Various planting guides stop at about November, while others continue on through the winter, recommending what plants can still be seeded.
In the past, I’ve tended to plant my carrots as late as the first of November (when the tomatoes are dying back), and reap a harvest in February and March of great carrots that grew slowly but fully during the winter. I’ve also planted turnips in October, to have very juicy turnips for Thanksgiving.
This year, I decided to try an experiment and plant (by seed) three crops even this late – I’m writing this November 17. The three crops are winter-hardy: collards, cauliflower, and broccoli raab.
I’m fortunate enough to have a nifty bottom watering container on the property where I’m renting. See the picture.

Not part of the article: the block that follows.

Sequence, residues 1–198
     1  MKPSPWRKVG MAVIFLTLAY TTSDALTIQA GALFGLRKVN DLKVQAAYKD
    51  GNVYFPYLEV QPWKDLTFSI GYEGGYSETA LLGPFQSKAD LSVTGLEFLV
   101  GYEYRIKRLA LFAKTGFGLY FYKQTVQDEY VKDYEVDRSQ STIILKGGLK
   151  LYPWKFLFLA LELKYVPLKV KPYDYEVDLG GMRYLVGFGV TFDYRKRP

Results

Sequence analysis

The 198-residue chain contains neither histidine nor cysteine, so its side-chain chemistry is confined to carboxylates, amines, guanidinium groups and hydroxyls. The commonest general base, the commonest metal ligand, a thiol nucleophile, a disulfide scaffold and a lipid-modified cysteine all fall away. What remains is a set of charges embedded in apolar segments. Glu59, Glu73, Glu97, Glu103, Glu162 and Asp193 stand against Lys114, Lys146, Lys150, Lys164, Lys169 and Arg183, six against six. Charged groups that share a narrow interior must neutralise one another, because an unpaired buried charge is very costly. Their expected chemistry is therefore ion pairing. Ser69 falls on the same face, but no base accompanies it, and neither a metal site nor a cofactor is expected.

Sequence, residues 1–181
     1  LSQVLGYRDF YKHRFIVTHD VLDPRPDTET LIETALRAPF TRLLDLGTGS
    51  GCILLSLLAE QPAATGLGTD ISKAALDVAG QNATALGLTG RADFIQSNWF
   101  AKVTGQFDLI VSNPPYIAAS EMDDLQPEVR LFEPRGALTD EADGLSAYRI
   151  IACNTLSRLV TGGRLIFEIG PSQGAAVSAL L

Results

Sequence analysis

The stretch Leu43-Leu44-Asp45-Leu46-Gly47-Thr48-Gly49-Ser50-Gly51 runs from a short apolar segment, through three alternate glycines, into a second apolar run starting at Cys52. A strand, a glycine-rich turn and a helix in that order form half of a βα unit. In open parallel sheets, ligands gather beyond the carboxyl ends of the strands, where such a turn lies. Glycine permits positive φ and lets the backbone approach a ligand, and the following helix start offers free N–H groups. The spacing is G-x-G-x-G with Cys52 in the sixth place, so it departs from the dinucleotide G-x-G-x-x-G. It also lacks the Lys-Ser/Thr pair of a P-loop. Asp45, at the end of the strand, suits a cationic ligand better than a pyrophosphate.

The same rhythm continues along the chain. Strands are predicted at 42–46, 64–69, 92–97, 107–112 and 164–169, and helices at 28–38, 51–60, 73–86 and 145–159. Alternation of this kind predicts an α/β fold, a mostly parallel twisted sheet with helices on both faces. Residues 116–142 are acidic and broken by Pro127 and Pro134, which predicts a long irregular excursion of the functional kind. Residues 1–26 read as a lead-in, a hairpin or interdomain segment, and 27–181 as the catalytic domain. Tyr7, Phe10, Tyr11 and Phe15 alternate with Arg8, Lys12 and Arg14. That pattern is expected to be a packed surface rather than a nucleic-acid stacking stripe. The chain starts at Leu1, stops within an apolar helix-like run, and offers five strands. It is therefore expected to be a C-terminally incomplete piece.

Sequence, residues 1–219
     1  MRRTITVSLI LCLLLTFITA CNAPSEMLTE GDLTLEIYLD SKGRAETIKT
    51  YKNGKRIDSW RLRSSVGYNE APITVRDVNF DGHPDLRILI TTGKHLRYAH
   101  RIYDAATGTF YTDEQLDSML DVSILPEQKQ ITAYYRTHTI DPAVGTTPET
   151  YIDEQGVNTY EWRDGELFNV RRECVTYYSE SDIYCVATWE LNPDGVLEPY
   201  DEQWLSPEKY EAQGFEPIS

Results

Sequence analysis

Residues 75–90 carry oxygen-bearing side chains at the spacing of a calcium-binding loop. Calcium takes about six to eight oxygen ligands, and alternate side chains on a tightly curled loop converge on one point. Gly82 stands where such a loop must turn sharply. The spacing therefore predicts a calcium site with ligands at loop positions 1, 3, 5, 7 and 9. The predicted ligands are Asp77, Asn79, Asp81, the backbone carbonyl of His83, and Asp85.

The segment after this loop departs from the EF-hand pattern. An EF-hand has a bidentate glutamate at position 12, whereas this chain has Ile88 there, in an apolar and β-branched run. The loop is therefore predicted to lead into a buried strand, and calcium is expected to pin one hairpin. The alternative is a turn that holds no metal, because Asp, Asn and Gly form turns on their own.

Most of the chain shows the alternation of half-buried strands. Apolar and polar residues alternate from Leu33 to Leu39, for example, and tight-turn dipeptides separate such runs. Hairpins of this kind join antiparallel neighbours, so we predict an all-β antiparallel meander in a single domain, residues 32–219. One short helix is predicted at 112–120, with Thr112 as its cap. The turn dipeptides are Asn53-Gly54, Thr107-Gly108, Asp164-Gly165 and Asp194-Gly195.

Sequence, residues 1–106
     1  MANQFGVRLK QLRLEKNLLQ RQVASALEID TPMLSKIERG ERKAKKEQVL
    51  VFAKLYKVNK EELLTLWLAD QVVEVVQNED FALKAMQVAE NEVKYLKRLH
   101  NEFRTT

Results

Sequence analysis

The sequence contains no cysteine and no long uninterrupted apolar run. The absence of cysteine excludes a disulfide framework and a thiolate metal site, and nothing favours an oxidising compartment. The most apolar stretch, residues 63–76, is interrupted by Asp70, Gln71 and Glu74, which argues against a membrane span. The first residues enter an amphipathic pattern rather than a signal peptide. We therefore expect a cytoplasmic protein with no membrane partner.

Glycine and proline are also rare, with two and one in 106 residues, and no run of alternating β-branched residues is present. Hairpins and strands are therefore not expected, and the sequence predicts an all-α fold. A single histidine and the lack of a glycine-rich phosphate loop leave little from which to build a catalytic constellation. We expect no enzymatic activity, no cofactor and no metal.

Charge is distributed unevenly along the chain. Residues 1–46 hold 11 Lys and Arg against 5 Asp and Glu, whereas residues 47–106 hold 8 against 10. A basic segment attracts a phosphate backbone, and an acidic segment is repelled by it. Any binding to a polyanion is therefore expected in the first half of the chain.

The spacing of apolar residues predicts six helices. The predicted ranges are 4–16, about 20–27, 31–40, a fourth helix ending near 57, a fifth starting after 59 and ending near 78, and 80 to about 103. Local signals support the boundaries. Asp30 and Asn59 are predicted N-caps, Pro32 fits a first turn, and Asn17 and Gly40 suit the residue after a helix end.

If you have taken a permaculture course, you may recognize this concoction. It is an IBC tote that has had the top third cut off, PVC pipe is inserted so that a greenhouse or shadehouse can be created; the tote has water in it, upon which is floating styrofoam rafts covered with fabric (wool or cotton). The fabric wicks the water up to the top of the rafts, on which you place your pots with seedlings. The next picture will show what the collards and broccoli raab containers look like, all floating on their raft.
So… I took some 4″ pots left from transplanting herbs into a garden bed, filled them with rich, rich soil from the keyhole bed I’d built (a compost pile by any other name) and which we’d broken down and salvaged the soil.
Then I planted seeds and soaked the seed medium. Then I placed on the wicking raft. I’ll watch the plantings for the next several weeks and see if they (1) sprout; and (2) become viable transplants this late in the season.